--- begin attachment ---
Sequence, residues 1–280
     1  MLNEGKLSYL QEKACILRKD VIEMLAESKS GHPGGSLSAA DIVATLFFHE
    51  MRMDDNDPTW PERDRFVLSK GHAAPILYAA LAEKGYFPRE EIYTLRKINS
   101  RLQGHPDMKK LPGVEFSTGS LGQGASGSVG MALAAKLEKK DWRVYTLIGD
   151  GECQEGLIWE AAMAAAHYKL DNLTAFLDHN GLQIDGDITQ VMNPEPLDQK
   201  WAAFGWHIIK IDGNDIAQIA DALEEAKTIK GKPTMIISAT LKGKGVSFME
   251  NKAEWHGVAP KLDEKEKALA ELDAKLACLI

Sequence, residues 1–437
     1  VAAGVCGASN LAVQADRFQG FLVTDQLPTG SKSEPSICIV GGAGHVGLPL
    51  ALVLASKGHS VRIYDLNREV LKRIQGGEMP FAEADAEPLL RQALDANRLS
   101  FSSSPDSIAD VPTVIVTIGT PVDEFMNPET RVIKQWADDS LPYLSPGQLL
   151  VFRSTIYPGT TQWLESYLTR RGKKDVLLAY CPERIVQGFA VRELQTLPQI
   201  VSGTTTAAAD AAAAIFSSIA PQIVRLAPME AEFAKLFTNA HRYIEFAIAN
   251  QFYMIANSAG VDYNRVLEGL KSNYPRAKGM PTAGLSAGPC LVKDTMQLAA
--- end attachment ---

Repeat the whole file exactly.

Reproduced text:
Sequence, residues 1–280
     1  MLNEGKLSYL QEKACILRKD VIEMLAESKS GHPGGSLSAA DIVATLFFHE
    51  MRMDDNDPTW PERDRFVLSK GHAAPILYAA LAEKGYFPRE EIYTLRKINS
   101  RLQGHPDMKK LPGVEFSTGS LGQGASGSVG MALAAKLEKK DWRVYTLIGD
   151  GECQEGLIWE AAMAAAHYKL DNLTAFLDHN GLQIDGDITQ VMNPEPLDQK
   201  WAAFGWHIIK IDGNDIAQIA DALEEAKTIK GKPTMIISAT LKGKGVSFME
   251  NKAEWHGVAP KLDEKEKALA ELDAKLACLI

Sequence, residues 1–437
     1  VAAGVCGASN LAVQADRFQG FLVTDQLPTG SKSEPSICIV GGAGHVGLPL
    51  ALVLASKGHS VRIYDLNREV LKRIQGGEMP FAEADAEPLL RQALDANRLS
   101  FSSSPDSIAD VPTVIVTIGT PVDEFMNPET RVIKQWADDS LPYLSPGQLL
   151  VFRSTIYPGT TQWLESYLTR RGKKDVLLAY CPERIVQGFA VRELQTLPQI
   201  VSGTTTAAAD AAAAIFSSIA PQIVRLAPME AEFAKLFTNA HRYIEFAIAN
   251  QFYMIANSAG VDYNRVLEGL KSNYPRAKGM PTAGLSAGPC LVKDTMQLAA